PhD Defence by Marie Brøns "Vibration-based Estimation of Bolt Tension"

A wide range of engineering structures are held together by bolted joints. Bolted connections become an increasing problem when pushing the limits of size, efficiency, and reliability of structures. The confidence in bolt tension needs to improve to help allow for new strides in optimized engineering structures and lower maintenance costs. Current technologies and procedures are not very accurate, and considerable efforts and means are employed to ensure the proper bolt tension and to prevent failures. Critical bolted joints are especially of interest. Failures of these are inadmissible, as they may lead to dangerous situations, even structural collapse, which can result in significant loss in revenue and potential personnel and environmental damages.

The sound from a bolt struck by a hammer is different if it is tight than when it is loose. The sound difference indicates that the dynamics of the bolt-structure system changes with bolt tension. This thesis investigates the possibility of using a vibration-based approach to estimate bolt tension more accurately, easier, and at a lower cost than by using conventional tools. The work is split into three levels of complexity; one bolt, two bolts, and multiple bolts, all undergoing thorough testing, modeling, and analysis. This division follows throughout the thesis.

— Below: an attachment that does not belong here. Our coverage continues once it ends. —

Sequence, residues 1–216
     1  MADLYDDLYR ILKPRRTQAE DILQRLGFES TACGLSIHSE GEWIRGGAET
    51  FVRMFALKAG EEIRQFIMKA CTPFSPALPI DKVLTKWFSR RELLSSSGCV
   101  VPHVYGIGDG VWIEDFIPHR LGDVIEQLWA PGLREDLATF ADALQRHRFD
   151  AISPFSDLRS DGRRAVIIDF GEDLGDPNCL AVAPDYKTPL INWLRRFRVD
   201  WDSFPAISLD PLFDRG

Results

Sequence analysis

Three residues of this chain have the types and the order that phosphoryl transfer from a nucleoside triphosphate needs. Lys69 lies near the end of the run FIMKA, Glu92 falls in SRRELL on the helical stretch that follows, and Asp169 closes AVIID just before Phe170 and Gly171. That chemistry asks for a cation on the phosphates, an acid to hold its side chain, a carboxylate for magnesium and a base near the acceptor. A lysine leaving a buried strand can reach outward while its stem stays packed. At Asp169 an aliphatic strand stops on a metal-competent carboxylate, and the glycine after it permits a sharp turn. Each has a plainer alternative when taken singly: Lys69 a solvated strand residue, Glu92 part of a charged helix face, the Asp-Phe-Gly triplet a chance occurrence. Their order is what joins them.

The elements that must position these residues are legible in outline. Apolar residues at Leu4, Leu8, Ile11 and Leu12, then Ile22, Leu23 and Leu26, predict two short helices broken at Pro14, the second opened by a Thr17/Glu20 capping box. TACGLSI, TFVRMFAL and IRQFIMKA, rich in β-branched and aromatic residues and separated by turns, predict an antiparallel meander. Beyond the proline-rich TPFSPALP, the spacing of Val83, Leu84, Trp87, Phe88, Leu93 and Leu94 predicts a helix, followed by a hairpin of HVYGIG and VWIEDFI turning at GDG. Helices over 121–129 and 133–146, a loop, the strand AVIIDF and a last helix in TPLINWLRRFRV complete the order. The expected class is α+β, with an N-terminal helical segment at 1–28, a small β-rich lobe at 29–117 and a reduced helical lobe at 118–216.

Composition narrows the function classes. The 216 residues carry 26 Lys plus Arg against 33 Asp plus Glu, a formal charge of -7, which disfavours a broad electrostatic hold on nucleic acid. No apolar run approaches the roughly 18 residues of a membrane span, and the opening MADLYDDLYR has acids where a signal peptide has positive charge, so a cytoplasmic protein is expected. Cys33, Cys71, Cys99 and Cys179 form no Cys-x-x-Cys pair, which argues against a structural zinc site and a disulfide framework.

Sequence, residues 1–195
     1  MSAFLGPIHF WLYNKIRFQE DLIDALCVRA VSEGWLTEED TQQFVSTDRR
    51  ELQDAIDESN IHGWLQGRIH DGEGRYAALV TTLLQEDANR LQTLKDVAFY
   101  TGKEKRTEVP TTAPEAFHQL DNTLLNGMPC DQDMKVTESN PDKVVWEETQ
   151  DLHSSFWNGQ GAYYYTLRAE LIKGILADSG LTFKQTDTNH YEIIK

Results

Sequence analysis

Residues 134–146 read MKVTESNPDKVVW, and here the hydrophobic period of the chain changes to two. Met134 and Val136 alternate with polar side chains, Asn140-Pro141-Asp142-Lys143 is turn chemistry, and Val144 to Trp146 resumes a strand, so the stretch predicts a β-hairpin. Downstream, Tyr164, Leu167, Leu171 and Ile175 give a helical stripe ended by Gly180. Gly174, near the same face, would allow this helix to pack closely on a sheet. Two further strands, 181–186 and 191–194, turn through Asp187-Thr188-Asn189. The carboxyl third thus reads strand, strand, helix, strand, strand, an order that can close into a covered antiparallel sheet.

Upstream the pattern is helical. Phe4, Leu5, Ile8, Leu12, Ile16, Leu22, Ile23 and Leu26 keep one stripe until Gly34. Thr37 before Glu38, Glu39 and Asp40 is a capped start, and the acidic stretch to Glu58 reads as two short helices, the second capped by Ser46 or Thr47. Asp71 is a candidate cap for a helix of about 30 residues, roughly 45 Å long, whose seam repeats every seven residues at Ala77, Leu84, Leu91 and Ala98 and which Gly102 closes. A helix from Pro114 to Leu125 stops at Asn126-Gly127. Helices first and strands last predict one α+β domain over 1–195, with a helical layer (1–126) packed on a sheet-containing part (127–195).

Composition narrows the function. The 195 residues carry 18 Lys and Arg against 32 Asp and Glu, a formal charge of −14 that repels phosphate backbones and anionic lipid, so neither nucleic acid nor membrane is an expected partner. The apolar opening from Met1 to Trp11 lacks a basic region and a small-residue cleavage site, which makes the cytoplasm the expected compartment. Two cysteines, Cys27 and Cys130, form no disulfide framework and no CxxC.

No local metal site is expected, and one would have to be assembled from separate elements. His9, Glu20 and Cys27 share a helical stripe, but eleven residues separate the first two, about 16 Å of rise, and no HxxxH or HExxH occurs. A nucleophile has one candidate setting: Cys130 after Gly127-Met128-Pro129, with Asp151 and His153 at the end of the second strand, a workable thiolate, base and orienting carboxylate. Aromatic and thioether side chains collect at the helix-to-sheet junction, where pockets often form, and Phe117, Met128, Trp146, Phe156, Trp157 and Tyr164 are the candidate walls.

Transverse natural frequencies of a tensioned beam depend on tension. The first part of the project presents different beam models, designed to gain insight into tension’s relation to natural frequencies. A single bolt can be simplified and modeled as a beam in tension, with general stiffness boundary conditions. Expanding to a two-beam model, representing two adjoining bolts, can provide insights into potential inter-bolt coupling phenomena. For an alternative perspective, simulations of a real structure are conducted with a FEM model, from the commercial software COMSOL Multiphysics.

The second and crucial part is the experimental investigations. Dynamic testing of different bolts is conducted applying several excitation techniques, different post-processing, and substantial repetition to investigate reproducibility. The experimental investigations establish which features are useful for vibration-based bolt tension estimation. The models are fitted to measurements data, obtaining good agreement.

The third part presents two techniques for bolt tension estimation. The first provides rough estimates of bolt tension but is easy to apply. The second method combines nonlinear regression with a new smart vibration test procedure, providing accurate estimates of bolt tension and boundary stiffness.

The final part applies the proposed methods to real measurements on tightened bolts, and estimate the bolt tension. The analysis and proposed methods lend confidence in the applicability of a vibration-based estimation technique.

Main supervisor:
Associate Professor Jon Juel Thomsen, DTU Mechanical Engineering

Professor Alexander Fidlin, Karlsruhe Institute of Technology, Germany
Dr. Dmitri Tcherniak, Hottinger Brüel & Kjær

Associate Professor Jan Becker Høgsberg, DTU Mechanical Engineering
Professor Olivier Thomas, Arts et Métiers, Lille, France
Professor Simon Andrew Neild, University of Bristol, United Kingdom

Associate Professor Niels Aage, DTU Mechanical Engineering


fre 02 okt 20
13:00 - 17:00


DTU Mekanik



The Technical University of Denmark
Building 421/074 - limited number of seats assigned via signup to

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